On April 13 of this year, the NCAA selected Courtney Kupets-Carter as the best NCAA gymnast of all time. Today, less than a month later, Greg McGarity introduced her as the new head coach of the Georgia Gym Dogs.
After almost two weeks of speculation and rumor-mongering that could almost rival a football coaching search (if it had more mainstream media coverage), our esteemed athletic director decided that the woman who will take Georgia back to the elite levels of college gymnastics is a coach who, until this very moment, had never been a coach before.
Yes, you read that right.
Courtney Kupets-Carter has, quite possibly, the most impressive competition resume of any collegiate gymnast ever, but until she was named the head coach of the most accomplished college program in history, she had not been a full-time coach anywhere at the college level. She has coached at the club level for Oconee Gymnastics and Cheer for one year, and she was a student assistant under Jay Clark in 2010. That’s it. That’s the resume. The rest of Kupets-Carter’s work history consists of broadcasting for the SEC Network and USA Gymnastics, and a stop as a performer at the La Reve show at the Wynn in Las Vegas. (Seriously.)
As a competitor, Kupets-Carter won 4 straight national championships on the 2006-2009 Gym Dogs squads, and she also won 9 individual national championships. To date, Kupets-Carter is the only NCAA gymnast to ever win the individual all-around and the individual national championship on all 4 events over her career. In addition, she competed for Team USA at the 2004 Olympics, where the team won the silver medal and she won an individual bronze medal on bars. She was also inducted into the USA Gymnastics Hall of Fame in 2014.
But we didn’t hire Courtney Kupets-Carter to compete for the Gym Dogs. We hired her to coach them. So why would Greg McGarity take a huge risk on someone with virtually no coaching resume? The answer can be summed up in two words: Suzanne Yoculan. She is Kupets-Carter’s trump card. The new coach was able to not only get the UGA legend on her side, but she was able to persuade Coach Yoculan to officially come on board as a volunteer coach for the team. Ostensibly, this means that Suzanne will be taking the new head coach under her wing and “showing her the ropes,” so to speak, about how the college gig works. This means that Suzanne Yoculan will more or less be the “shadow head coach” for at least the 2018 season.
But you’ll excuse me if I’m not over the moon about this move. Don’t get me wrong... I would absolutely love to have Suzanne Yoculan’s stilettos stalking the mats again. But the gymnastics head coaching job at the University of Georgia is not where I want a hot new coaching prospect to receive her on-the-job training. If we wanted Suzanne Yoculan’s expertise in a coaching role, we should have hired Suzanne Yoculan to coach the team again. Bringing her on as a mentor/shadow coach just smacks of trouble down the road.
What happens if everything goes pear-shaped in year 1? How about year 2? Does Suzanne stay on as the “shadow coach” if Kupets-Carter starts doing one or two things Suzanne doesn’t like? Who has the real power in this situation?
And don’t forget... Courtney Kupets-Carter has no time to have a “learning curve.” Gym Dog fans are fed up with missing the Super Six and not even really competing for a title when we do get there. The Gym Dogs need to be competing for a title this coming season. Or, at the very latest, the next season. Kupets-Carter has to hit the ground running, doing a job she’s literally never done before. I understand that many fans and observers like how the situation “looks” by hiring a UGA star and bringing in Suzanne Yoculan to help her out... but our new coaching prodigy has a huge amount of pressure immediately on her shoulders, with no “grace period” to have growing pains.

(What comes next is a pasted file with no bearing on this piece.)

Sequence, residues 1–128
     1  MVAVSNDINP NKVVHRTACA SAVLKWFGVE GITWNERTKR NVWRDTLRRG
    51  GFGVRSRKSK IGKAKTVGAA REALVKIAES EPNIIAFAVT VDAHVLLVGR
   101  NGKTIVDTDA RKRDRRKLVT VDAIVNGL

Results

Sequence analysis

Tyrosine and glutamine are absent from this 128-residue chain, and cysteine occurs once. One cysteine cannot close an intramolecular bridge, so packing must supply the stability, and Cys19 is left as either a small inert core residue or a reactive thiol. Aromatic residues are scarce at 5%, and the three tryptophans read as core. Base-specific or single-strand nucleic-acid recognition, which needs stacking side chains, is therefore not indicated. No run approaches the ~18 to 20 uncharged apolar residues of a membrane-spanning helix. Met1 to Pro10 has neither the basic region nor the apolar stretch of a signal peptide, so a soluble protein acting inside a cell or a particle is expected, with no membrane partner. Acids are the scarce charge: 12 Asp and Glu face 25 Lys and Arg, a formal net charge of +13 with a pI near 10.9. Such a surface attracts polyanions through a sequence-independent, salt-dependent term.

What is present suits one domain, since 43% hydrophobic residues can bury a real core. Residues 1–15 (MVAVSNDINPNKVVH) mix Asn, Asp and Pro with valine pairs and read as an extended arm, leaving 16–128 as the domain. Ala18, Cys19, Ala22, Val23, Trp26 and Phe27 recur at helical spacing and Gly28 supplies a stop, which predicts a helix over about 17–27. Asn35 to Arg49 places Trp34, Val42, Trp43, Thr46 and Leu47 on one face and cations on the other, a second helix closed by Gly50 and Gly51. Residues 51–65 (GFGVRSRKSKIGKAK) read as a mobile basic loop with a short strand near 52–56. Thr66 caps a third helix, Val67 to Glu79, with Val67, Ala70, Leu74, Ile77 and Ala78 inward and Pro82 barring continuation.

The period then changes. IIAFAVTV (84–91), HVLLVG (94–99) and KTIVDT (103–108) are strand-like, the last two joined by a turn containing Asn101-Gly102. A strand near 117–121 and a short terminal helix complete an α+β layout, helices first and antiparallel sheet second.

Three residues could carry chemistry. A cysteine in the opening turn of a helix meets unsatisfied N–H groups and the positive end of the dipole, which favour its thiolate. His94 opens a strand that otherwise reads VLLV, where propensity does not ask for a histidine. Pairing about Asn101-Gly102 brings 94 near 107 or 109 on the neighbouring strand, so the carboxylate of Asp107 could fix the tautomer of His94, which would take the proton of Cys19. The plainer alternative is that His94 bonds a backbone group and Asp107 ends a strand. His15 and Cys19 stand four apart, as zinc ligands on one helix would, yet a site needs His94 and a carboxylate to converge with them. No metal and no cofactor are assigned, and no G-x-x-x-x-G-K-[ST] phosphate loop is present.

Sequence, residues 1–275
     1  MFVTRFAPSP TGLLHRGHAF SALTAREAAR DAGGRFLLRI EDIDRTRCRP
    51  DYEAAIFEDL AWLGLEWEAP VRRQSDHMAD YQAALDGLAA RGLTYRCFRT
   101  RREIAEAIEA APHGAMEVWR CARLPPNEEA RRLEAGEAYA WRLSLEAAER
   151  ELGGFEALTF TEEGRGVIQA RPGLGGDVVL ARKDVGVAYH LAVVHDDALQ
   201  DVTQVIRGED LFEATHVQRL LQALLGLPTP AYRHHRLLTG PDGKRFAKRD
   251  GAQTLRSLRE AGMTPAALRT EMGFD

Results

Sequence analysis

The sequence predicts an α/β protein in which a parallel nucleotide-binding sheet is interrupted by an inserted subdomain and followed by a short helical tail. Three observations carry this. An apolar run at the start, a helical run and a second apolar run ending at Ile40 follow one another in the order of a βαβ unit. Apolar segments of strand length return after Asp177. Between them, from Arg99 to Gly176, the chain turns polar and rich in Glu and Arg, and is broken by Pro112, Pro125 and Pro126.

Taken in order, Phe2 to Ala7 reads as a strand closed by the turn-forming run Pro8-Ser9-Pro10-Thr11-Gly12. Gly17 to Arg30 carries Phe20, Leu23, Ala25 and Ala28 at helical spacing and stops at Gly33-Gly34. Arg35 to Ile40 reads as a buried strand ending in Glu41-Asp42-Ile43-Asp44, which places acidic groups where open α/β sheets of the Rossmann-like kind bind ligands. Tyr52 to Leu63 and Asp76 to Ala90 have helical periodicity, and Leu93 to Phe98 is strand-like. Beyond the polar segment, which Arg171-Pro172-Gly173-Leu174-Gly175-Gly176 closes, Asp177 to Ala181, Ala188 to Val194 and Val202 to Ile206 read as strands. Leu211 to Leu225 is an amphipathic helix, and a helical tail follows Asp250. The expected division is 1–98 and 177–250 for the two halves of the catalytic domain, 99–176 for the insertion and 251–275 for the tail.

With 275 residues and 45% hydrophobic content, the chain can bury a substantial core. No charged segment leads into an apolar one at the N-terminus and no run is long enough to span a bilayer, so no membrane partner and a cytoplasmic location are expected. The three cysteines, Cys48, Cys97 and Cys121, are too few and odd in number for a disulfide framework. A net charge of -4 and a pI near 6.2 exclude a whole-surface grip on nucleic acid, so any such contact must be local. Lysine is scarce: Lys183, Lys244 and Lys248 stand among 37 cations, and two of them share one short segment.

Perhaps this is Greg McGarity trying to make the best of a bad situation by embracing “the good old days” of Gym Dog glory and trying to get the fans excited about seeing famous names they recognize from those days. From what I’ve heard, he couldn’t even get a nibble from the real “big names” in the coaching world (Kindler and Faehn, primarily), and maybe this was his next-best option. I don’t know.
What I do know, however, is that this is the biggest risk Greg McGarity has taken to date at UGA, in any sport or any situation. By bringing in Kupets-Carter, he has hired a head coach that, basically, has never been a coach before, and told her to start winning national championships. A decision could hardly be more high-risk than that. And I think the results that the Gym Dogs see over the next year or two will be a significant statement about Greg McGarity’s potential for remaining as AD for a longer period of time.
To use a football analogy, Greg McGarity has switched to the “Bear’s Boys” tactic in picking a head coach. Just like at Alabama in the ‘80’s and ‘90’s, when only coaches who had played for the Bear could score a spot as the head man stalking the sidelines in Tuscaloosa, it seems like former Gym Dogs under Suzanne Yoculan were the ones under primary consideration here. But McGarity doesn’t have time to languish with a Ray Perkins or a Bill Curry before he finds a Gene Stallings. He needs Courtney Kupets-Carter to be Gene Stallings right now.
Will Courtney Kupets-Carter usher in a new era of greatness for Georgia Gymnastics? Or will she Gerry Faust her way into getting both herself and her athletic director fired? I have no idea, though I hope it’s the former. I sincerely hope that the Suzanne Yoculan mystique kicks in and Courtney Kupets-Carter wins another 10 national championships over the next 20 years. But based on the facts we have at hand, I don’t see that as any more likely than the alternative ending.
I’ll have more about the coaching change and the incoming 2017 signing class in the days ahead. Until then...